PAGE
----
In the short time since TikTok merged with Musical.ly — which Chinese media firm and parent company ByteDance acquired for $800 million in November 2017 — and subsequently launched in August 2018, the platform’s ability to provide a spark for the next mainstream hit has gone from anomaly to regularity.
The first big example came hardly six months after TikTok's arrival, when users helped push a then-unknown Lil Nas X, and his country-trap hit “Old Town Road,” to the forefront of a burgeoning Yeehaw Agenda — and to a modest debut on the Billboard Hot 100 in March 2019. In an April 2019 Time interview, Lil Nas X refuted the idea that he should receive compensation for each usage of the song on the app, instead proposing, “I should maybe be paying TikTok.” Though other factors ultimately propelled the song to ubiquity, the track’s beginnings on the platform undoubtedly gave legitimacy to the growing app, and in the year following Lil Nas X’s monthslong reign atop the Hot 100, TikTok has boosted several more No. 1 hits.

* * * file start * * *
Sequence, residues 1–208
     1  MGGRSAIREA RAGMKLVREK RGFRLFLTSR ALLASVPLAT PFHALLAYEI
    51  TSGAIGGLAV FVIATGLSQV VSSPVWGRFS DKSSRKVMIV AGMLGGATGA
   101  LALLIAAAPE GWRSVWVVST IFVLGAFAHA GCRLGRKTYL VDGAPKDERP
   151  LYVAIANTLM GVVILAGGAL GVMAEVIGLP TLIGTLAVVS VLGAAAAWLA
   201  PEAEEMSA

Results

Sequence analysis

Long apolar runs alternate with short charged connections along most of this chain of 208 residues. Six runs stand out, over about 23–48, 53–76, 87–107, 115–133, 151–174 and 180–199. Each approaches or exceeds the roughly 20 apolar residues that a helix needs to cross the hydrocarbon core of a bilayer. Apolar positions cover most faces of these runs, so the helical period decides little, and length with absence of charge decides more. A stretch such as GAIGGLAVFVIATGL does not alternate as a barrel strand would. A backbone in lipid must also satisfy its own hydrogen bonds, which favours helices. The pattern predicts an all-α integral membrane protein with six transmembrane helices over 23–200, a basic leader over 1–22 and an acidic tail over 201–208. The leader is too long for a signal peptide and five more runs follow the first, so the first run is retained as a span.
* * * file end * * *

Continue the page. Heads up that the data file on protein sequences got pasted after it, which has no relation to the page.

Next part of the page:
Its tangible impact on popular music has become both clear and widespread during the same time frame, even if the new wave of buzzy artists it’s helping to create is left with a blurry road map for prolonged success. The app’s trends, dance routines and song-specific challenges have served as a springboard for emerging artists to lengthy chart visits: Previously unknown acts like Arizona Zervas and Tones and I had songs shoot into the top five (and Powfu into the top 25) of the Hot 100 after having their hooks become popular loops; SAINt JHN, Surfaces and Trevor Daniel had years-old songs revived into chart hits thanks to the app; StaySolidRocky, Ant Saunders, 24kGoldn and Surf Mesa thrived with some of the earliest singles in their respective catalogs; while Lil Mosey and BENEE rode viral dance challenges to newfound success.